Mardi: and a Voyage Thither

by Herman Melville

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Chapter VI

Walking from the sacred inclosure, Mohi discoursed of the plurality of gods in the land, a subject suggested by the multitudinous idols we had just been beholding.

Said Mohi, "These gods of wood and of stone are nothing in number to the gods in the air. You breathe not a breath without inhaling, you touch not a leaf without ruffling a spirit. There are gods of heaven, and gods of earth; gods of sea and of land; gods of peace and of war; gods of rook and of fell; gods of ghosts and of thieves; of singers and dancers; of lean men and of house-thatchers. Gods glance in the eyes of birds, and sparkle in the crests of the waves; gods merrily swing in the boughs of the trees, and merrily sing in the brook. Gods are here, and there, and every where; you are never alone for them."

"If this be so, Braid-Beard," said Babbalanja, "our inmost thoughts are overheard; but not by eaves-droppers. However, my lord, these gods to whom he alludes, merely belong to the semi-intelligibles, the divided unities in unity, thin side of the First Adyta."

"Indeed?" said Media.

"Semi-intelligible, say you, philosopher?" cried Mohi. "Then, prithee, make it appear so; for what you say, seems gibberish to me."

"Babbalanja," said Media, "no more of your abstrusities; what know you mortals of us gods and demi-gods? But tell me, Mohi, how many of your deities of rock and fen think you there are? Have you no statistical table?"

"My lord, at the lowest computation, there must be at least three billion trillion of quintillions."

"A mere unit!" said Babbalanja. "Old man, would you express an infinite number? Then take the sum of the follies of Mardi for your multiplicand; and for your multiplier, the totality of sublunarians, that never have been heard of since they became no more; and the product shall exceed your quintillions, even though all their units were nonillions."

"Have done, Babbalanja!" cried Media; "you are showing the sinister vein in your marble. Have done. Take a warm bath, and make tepid your cold blood. But come, Mohi, tell us of the ways of this Maramma; something of the Morai and its idols, if you please."

And straightway Braid-Beard proceeded with a narration, in substance as follows:—

It seems, there was a particular family upon the island, whose members, for many generations, had been set apart as sacrifices for the deity called Doleema. They were marked by a sad and melancholy aspect, and a certain involuntary shrinking, when passing the Morai. And, though, when it came to the last, some of these unfortunates went joyfully to their doom, declaring that they gloried to die in the service of holy Doleema; still, were there others, who audaciously endeavored to shun their fate; upon the approach of a festival, fleeing to the innermost wilderness of the island. But little availed their flight. For swift on their track sped the hereditary butler of the insulted god, one Xiki, whose duty it was to provide the sacrifices. And when crouching in some covert, the fugitive spied Xiki's approach, so fearful did he become of the vengeance of the deity he sought to evade, that renouncing all hope of escape, he would burst from his lair, exclaiming, "Come on, and kill!" baring his breast for the javelin that slew him.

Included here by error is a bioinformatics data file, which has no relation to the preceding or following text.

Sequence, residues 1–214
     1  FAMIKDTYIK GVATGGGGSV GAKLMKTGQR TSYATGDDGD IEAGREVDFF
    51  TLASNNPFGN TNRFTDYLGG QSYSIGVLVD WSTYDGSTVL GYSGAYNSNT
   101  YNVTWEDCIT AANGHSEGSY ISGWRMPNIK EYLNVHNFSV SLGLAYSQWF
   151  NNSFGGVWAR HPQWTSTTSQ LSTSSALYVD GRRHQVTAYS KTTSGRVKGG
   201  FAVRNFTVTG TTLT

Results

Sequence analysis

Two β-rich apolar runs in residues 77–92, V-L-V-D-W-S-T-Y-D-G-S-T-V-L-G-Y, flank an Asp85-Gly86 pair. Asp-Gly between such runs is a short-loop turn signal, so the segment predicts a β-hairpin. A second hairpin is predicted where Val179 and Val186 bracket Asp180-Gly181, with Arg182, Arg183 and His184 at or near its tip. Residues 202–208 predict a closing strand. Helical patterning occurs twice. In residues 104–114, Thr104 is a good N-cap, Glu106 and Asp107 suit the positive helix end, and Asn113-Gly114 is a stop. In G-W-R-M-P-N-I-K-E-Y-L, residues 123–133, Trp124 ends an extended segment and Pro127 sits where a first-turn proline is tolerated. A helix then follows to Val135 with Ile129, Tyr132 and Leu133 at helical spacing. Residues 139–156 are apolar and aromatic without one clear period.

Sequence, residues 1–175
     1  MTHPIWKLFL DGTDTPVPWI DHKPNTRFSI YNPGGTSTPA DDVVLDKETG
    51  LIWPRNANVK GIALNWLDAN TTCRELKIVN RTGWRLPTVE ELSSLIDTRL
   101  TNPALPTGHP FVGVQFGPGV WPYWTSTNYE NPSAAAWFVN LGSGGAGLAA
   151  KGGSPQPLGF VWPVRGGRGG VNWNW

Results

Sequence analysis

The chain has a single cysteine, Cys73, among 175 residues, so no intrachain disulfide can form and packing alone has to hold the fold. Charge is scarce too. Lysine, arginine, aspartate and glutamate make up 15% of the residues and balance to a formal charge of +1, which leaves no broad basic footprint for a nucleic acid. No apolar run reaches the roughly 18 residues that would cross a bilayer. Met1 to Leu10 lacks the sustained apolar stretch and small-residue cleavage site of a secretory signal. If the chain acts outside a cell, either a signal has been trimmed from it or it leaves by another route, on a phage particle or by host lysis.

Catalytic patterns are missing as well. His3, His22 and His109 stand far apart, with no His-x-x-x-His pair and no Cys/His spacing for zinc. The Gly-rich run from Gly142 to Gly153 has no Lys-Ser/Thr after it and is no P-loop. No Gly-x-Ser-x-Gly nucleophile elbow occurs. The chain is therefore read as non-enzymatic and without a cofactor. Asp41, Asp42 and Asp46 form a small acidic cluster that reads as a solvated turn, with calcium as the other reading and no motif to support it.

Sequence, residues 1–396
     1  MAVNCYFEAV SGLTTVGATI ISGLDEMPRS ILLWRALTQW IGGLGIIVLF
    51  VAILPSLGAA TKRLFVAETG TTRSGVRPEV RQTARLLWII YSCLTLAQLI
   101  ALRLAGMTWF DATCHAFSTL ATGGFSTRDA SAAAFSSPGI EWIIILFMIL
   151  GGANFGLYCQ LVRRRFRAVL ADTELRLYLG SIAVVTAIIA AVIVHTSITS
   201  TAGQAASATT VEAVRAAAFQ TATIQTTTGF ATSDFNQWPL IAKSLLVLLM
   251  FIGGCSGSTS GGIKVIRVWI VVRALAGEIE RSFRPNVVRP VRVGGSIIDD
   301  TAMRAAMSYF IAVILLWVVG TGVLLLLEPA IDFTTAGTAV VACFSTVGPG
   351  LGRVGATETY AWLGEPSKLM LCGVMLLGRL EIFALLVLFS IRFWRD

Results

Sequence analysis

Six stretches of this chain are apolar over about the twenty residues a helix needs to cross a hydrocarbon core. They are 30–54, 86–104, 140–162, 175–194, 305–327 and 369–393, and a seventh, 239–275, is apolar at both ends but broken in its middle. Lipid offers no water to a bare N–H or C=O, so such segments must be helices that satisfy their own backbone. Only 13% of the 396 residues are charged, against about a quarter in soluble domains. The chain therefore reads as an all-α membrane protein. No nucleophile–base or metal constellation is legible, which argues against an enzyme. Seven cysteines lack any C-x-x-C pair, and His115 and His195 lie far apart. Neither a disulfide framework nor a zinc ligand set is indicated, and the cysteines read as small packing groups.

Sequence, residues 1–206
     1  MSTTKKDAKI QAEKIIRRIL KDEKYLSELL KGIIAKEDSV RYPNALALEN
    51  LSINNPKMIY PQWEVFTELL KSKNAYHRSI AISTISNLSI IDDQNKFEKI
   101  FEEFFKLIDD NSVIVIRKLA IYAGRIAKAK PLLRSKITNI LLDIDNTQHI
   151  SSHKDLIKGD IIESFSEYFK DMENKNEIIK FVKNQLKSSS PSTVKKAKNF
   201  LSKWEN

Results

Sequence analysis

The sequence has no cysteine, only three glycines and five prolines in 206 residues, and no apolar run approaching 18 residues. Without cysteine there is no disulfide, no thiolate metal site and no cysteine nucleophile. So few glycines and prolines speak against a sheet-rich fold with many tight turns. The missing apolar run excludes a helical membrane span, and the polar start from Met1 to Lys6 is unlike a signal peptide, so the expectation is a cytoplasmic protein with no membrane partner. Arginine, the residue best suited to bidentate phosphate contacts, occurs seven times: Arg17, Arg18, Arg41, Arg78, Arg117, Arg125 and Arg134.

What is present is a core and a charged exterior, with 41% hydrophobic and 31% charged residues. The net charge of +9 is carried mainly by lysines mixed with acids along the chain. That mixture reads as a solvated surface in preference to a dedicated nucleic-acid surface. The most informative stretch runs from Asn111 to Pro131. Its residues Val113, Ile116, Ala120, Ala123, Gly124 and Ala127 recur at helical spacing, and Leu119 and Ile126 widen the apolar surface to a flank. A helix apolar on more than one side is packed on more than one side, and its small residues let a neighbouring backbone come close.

The chronicles of Maramma were full of horrors.

In the wild heart of the island, was said still to lurk the remnant of a band of warriors, who, in the days of the sire of the present pontiff, had risen in arms to dethrone him, headed by Foni, an upstart prophet, a personage distinguished for the uncommon beauty of his person. With terrible carnage, these warriors had been defeated; and the survivors, fleeing into the interior, for thirty days were pursued by the victors. But though many were overtaken and speared, a number survived; who, at last, wandering forlorn and in despair, like demoniacs, ran wild in the woods. And the islanders, who at times penetrated into the wilderness, for the purpose of procuring rare herbs, often scared from their path some specter, glaring through the foliage. Thrice had these demoniacs been discovered prowling about the inhabited portions of the isle; and at day-break, an attendant of the holy Morai once came upon a frightful figure, doubled with age, helping itself to the offerings in the image of Doleema. The demoniac was slain; and from his ineffaceable tatooing, it was proved that this was no other than Foni, the false prophet; the splendid form he had carried into the rebel fight, now squalid with age and misery.

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